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Step Into: ‘The Grand Budapest Hotel’

The transporting set of director Wes Anderson's film The Grand Budapest Hotel is actually situated some 400 miles north of the Hungarian capital—in the easternmost corner of Germany. Here, visitors can go on location to uncover film sites from the charming UNESCO World Heritage town of Görlitz—an easy and worthwhile side trip from a number of European destinations, including Berlin, Dresden, and Prague. We asked one of The Grand Budapest Hotel's producers, Jeremy Dawson, for the star-studded cast (which included A-listers like Adrien Brody, Jude Law, Tilda Swinton, and Harvey Keitel, just to name a few) and crew's favorite spots both on- and off-set, so that you can explore Görlitz Hollywood-style, too.

Visit the “Hotel” at the Görlitzer Warenhaus Department Store

To create the lavish interiors of the film's Grand Budapest Hotel, the crew transformed a now-shuttered luxury department store, the Görlitzer Warenhaus, into the set. While the building is privately owned and not open to the public, do visit the massive steel-framed building to admire its ornate Art Nouveau architecture, dating to 1912. Görlitz's cobblestoned streets additionally feature more than 4,000 historic houses that survived World War II relatively unscathed—you'll find a patchwork of architectural gems, blending Gothic, Renaissance, and Baroque styles.

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Fun Fact: The hotel's lavish exterior was depicted from a miniature model made in workshops in Babelsburg, near Berlin. Other such models for the cable car and ski-chase scenes were built there, too, and later moved outside for filming under natural light, according to the film's production notes.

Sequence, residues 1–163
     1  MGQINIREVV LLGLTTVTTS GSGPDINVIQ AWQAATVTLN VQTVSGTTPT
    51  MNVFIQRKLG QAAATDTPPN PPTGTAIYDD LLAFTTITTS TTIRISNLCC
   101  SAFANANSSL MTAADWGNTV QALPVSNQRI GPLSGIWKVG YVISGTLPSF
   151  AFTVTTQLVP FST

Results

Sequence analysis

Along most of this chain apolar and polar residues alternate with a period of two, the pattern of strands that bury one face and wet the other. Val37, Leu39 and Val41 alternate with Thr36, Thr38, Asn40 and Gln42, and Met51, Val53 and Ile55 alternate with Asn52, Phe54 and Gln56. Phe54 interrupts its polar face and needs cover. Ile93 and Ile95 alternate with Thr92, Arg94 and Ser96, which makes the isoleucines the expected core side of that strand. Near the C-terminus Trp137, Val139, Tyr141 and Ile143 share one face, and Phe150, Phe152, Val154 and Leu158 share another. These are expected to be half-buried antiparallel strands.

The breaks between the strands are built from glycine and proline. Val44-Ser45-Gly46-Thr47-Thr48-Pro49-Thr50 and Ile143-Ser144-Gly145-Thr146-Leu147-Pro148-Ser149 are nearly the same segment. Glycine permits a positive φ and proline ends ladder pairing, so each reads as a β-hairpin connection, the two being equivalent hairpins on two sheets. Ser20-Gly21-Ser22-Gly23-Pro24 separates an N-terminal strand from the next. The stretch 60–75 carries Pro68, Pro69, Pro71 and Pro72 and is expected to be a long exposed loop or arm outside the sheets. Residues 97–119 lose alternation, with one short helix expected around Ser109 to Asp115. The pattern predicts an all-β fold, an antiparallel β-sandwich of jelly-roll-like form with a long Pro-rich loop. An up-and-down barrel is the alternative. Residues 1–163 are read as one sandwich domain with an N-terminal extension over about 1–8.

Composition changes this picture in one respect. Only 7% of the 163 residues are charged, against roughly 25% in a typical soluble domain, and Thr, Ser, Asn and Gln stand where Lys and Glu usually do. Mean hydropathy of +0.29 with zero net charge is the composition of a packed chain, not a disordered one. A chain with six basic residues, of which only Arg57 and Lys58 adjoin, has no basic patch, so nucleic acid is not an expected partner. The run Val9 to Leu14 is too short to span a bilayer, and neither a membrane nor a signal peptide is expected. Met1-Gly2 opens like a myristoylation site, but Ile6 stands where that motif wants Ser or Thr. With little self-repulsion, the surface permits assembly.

Dine Like a Star

Dine like The Grand Budapest Hotel's cast and crew members with these three picks from Dawson:

Patrizierhaus St. Jonathan: Located in Görlitz's Untermarkt square, Patrizierhaus St. Jonathan's menu highlights steaks and local specialties, served underneath ancient vaulted ceilings and low lighting for a relaxed ambiance. “The building has many levels and layers with painted walls dating back hundreds of years,” Dawson said. “Several of the staff, including the owner, Matthias, had roles as extras in the film.”

Kaffee Am Flüsterbogen: “It is the Cheers of Görlitz,” explained Dawson. The café (Untermarkt 21, Görlitz, +49 3581 414542) dishes out fresh soup daily, and The Grand Budapest Hotel crew brought Kaffee's stews onto the set every day. Stop by for the weekend breakfast buffet, or pop in on Monday nights for a live DJ set.

Obermühle Görlitz: Dawson recommends this spot's outdoor terrace for brunch with views of the Lusatian Neisse river, which marks the border between Germany and Poland. Sip the restaurant's homemade natural apple juice or house-brewed Pilsner and Ghost beers, and enjoy the eatery's certified organic menu powered by fresh meat, cheese, and fish.

Shop Like a Prop Master

Local Görlitz artists and artisans crafted many of The Grand Budapest Hotel's props. According to Dawson, bakery Café CaRe's delectable “Courtesan au chocolat” pastries appeared in the film and are central to its plot. A porcelain shop, Porzellanhandmalerei Heidemarie Klinger (Neißstraße 18, Görlitz, +49 3581 403107) made the pendant that the film's star Gustave H. (Ralph Fiennes) gives to Agatha (Saoirse Ronon)—another key moment in the flick. In the movie production notes, prop master Robin Miller says he happened to walk by the small store while shooting the movie in Görlitz: “I saw there were these beautiful hand-painted porcelains in the window. I walked in, and I saw they did this wonderful delft blue on these little pieces, and I thought ‘Here it is, we’ve found it.’”

Fun Fact: According to production notes, the pendant's porcelain artist, Heidemarie Klinger, trained in Meissen, a nearby German city that is world-renowned for porcelain making. The first European porcelain was made there in 1708.

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